With only weeks left until Arizonans head to the polls to vote in the primary election on Aug. 28, perhaps no question on the ballot is more nationally consequential than Arizona’s senatorial race. The seat, which incumbent Republican Sen. Jeff Flake made available following his announced retirement in October, is being jockeyed for by five noteworthy candidates.
On the Democratic side, we have Phoenix-based attorney Deedra Abboud and U.S. Rep. Kyrsten Sinema. On the Republican side, we have U.S. Rep. Martha McSally, former Arizona state Sen. Kelli Ward, and former Maricopa County Sheriff Joe Arpaio.
With respects to Republicans, the latest polls indicate McSally is up eight percentage points over Ward and Arpaio, and for good reason. She is a highly decorated retired combat pilot, a steadfast conservative and an effective representative.
In addition to her esteemed qualifications, I believe there is actually an additional rationale that helps account for her substantial lead, considering the fact that all three hold similar views.
When we look at President Trump’s job-approval rating – which is consistently low, hovering in the low 40s – and each of the GOP candidates’ staunch embrace of the president, what we see is an inverse correlation between these two variables: the more embracive and sycophantic candidates are toward the president, the lower they are in the polls.
Take Ward and Arpaio, for example. It is obvious that they are both not only faithful Trump supporters, but are quite obsequious toward him. They speak of his presidency in glowing terms, align their agendas closely with his, and attempt to garner support based on the president’s current public sentiment.
Every time the president makes his opinions known publicly, Ward and Arpaio are usually right behind him in an attempt to align their political campaigns with his message.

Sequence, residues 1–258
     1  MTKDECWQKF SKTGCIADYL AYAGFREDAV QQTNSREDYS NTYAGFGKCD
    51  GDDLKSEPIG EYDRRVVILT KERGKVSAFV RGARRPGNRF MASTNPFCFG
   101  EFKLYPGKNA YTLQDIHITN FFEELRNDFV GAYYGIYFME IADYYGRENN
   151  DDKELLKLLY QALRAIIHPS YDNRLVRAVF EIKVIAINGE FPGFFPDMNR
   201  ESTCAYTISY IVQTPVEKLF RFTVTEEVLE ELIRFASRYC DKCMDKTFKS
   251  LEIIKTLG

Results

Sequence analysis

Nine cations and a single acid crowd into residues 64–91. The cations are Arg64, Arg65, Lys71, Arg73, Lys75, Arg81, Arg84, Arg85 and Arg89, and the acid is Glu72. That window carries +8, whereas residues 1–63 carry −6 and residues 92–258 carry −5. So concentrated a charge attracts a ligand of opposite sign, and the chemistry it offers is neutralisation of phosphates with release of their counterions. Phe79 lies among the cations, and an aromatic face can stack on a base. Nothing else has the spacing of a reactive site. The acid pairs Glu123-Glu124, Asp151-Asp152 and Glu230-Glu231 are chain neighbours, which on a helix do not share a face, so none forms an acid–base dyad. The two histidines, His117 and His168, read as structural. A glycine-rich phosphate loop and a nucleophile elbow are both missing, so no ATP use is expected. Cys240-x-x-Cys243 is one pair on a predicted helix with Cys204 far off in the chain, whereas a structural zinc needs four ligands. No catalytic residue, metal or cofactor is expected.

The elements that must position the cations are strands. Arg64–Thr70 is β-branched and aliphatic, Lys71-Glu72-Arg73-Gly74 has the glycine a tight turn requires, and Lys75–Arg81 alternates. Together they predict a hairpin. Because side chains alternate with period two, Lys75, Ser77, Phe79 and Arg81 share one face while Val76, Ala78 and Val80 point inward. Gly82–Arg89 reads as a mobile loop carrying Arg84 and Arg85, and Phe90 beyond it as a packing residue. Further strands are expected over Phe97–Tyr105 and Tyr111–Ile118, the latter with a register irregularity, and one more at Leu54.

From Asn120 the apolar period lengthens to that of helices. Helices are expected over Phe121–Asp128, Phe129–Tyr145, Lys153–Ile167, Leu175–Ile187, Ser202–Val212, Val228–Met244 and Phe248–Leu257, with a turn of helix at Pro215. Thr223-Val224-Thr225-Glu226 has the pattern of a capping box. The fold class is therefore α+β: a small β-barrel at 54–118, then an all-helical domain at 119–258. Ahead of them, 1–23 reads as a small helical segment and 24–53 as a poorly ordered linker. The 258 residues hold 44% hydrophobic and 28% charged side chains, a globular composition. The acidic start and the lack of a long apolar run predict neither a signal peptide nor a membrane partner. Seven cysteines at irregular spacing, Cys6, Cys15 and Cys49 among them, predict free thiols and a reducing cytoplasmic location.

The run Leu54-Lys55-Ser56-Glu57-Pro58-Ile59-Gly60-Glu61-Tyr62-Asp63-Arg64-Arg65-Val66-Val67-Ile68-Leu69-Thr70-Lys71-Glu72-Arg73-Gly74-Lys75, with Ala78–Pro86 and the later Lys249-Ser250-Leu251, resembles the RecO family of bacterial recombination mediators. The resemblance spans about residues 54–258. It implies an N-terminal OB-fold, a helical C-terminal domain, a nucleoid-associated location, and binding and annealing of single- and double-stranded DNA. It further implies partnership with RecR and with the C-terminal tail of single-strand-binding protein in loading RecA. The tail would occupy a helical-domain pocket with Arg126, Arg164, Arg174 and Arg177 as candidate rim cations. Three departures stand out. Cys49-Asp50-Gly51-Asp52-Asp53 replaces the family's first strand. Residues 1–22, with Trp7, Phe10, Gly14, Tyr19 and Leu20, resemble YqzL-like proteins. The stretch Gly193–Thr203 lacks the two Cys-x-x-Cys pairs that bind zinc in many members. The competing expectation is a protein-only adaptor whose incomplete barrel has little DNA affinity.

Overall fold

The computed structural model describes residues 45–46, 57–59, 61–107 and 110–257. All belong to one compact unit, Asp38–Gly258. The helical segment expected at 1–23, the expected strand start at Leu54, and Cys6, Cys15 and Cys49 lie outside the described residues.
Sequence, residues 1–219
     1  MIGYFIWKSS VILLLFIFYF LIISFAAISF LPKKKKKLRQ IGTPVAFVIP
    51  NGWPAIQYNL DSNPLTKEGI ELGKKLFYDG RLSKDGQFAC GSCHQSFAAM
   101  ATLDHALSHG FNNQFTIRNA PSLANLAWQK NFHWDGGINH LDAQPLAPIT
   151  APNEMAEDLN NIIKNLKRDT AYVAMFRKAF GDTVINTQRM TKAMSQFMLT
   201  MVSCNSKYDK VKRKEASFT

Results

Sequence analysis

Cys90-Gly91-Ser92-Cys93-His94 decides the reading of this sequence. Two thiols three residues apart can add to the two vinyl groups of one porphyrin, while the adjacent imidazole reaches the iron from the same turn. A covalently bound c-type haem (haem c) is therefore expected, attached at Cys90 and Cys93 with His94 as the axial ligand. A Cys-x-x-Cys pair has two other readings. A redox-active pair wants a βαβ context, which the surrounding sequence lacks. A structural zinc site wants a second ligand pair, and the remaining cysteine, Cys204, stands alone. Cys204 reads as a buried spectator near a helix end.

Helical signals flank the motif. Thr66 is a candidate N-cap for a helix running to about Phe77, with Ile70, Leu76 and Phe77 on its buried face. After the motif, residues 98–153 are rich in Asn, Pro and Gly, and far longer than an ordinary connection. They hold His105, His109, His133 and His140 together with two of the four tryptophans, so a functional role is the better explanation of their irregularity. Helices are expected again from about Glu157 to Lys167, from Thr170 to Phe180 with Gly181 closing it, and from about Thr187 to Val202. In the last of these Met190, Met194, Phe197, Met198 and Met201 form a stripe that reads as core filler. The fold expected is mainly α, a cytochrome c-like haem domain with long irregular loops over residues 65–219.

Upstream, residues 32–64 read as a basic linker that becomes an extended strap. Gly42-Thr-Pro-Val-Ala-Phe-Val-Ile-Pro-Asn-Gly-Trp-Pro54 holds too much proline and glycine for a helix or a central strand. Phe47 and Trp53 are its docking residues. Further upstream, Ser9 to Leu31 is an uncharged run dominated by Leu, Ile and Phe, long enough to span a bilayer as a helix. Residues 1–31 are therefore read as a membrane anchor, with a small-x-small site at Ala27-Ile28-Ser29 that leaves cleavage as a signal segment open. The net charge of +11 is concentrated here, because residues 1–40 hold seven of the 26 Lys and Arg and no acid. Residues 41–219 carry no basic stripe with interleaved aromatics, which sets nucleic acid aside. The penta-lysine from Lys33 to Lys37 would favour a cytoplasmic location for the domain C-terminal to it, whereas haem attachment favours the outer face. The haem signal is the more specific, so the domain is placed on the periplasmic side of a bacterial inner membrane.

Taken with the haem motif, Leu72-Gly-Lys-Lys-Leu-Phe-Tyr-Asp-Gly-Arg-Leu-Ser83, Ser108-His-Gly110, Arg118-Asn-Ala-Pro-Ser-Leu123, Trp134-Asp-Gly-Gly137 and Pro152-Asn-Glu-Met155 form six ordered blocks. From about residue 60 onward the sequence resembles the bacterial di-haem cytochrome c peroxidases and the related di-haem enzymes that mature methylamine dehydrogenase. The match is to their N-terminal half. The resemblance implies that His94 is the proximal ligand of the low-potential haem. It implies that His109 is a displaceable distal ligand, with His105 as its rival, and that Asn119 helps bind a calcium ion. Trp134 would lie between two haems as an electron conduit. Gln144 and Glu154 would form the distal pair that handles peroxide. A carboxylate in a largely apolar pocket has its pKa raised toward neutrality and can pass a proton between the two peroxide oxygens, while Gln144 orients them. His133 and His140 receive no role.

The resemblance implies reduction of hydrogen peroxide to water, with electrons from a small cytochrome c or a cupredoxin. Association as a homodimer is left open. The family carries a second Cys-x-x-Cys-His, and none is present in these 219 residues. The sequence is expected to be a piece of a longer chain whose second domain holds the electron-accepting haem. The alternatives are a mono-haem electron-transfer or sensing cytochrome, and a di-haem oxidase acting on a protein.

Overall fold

Ward, for example, was seen championing former White House chief strategist Steve Bannon, a Trump proxy, at an event at the JW Marriott back in November . Clearly, Ward’s strategy was to assemble support from local Republicans, while also espousing Trumpian-like qualities into her campaign.
Arpaio, on the other hand — lest we forget that he was pardoned by Trump for a contempt-of-court conviction — went on to say publicly that if he were elected to the Senate, he would support the president’s agenda 100 percent on virtually any issue. Which begs the question, why is he even running for Congress if he’s not going to exercise independent thought.
This level of embrace is not good strategy.
Despite Trump’s many conservative victories, his personal foibles and public demeanor are still what is seen as the most unpalatable thing about his presidency. If it weren’t for his arbitrary tweets, his impulsive remarks and unnecessary cultural battles, his approval rating would undoubtedly rise considerably, making an “embrace President Trump” strategy much more advantageous.
This is exactly why McSally is leading the polls and why she is the most likely to win the GOP primary. Voters are simply not going to want someone who fully embraces a deeply unpopular figure. While she certainly holds an affinity for Trump and his conservative agenda, she is not as overtly sycophantic as her opponents are toward him, and if you’re a conservative, this is what you want.
You want a senator who can create cohesion but still exercise independence from the executive. What you don’t want, however, is someone who is going to fawn and passively agree with whatever the president dictates, even when that elected official knows the president to be profoundly mistaken.